While the frum community is the most beautiful in the world, we certainly have our problems. It's hard for me to accept that the "reason" for the bus bombings is due to the unintentional inter-gender bumping that MAY occur during the ride. Perhaps it is because of the predators who seek out unaccompanied children (or girls)and follow them off the bus and..? Perhaps it is our collective and appalling lack of derech eretz, i.e. not giving up a seat to the elderly or the pregant, aggressive and harmful pushing (I've been elbowed in my pregnant stomach, and once a secular teenage girl just plopped herself down on half my lap as a joke for her friends. I was also pregnant at the time), or the totally irrepsonsible driving? (A pregnant women went into premature labor when she fell because the bus sped off before she sat down. Another time, I witnessed the back doors close on the arm of an elderly lady as she got off the bus, and the bus drove off like that, with her hanging out. My husband and I ran after it screaming. It stopped pretty quick, thankfully.)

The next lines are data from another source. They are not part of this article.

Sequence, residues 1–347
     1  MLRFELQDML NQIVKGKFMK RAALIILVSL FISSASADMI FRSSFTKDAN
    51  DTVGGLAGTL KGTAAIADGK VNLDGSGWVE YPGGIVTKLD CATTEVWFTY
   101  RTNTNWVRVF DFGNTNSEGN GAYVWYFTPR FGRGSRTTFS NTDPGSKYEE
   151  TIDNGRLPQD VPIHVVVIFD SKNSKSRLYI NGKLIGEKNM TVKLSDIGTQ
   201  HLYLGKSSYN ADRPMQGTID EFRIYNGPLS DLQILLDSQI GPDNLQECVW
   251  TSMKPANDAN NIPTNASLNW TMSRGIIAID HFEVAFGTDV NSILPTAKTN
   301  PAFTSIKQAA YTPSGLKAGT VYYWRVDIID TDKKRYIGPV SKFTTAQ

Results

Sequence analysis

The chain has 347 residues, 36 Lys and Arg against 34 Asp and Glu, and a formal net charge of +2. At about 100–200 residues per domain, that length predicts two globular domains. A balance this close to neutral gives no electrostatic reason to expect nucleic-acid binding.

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21.     10/24/07 - 9:43 AM
M

People who read your article and hear about it will be more conscious of avoiding bad "frum" behavior.

You think so?

2) If you wouldn't write this article, people would think that you aprove this behavior, and in their own lives commit bad "frum" behavior.

Speaking for myself, I would NEVER have thought R' Horowitz condoned this behavior if he hadn't written about it. His blog is a Chinuch blog and I expect articles on chinuch here.

MikeS - I think that's a good point

Yardena - with all due respect to R' Horowitz, it is not rude to ask him whether he consulted with anybody when asking his readers to take action. And yes, it is very off-putting to me to read in this article and others (like Rosenblum's) what they think rabbinic figures should do. I think it undermines respect for these rabbis.

An analogy - what if the students who put out the school newspaper included an opinion piece about what they think the principal should do about a certain situation? Would that be crossing the line from derech eretz to chutzpa? Should they be allowed to drum up support among the student body to get the principal to do what they think is best? Wouldn't the correct approach be to approach the principal directly and ask whether they could express their views privately?

Rabbi Horowitz - despite my criticism, I like many of your articles and admire your willingness to hear your readers' opinions


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22. The Agenda     10/24/07 - 12:39 PM
Ak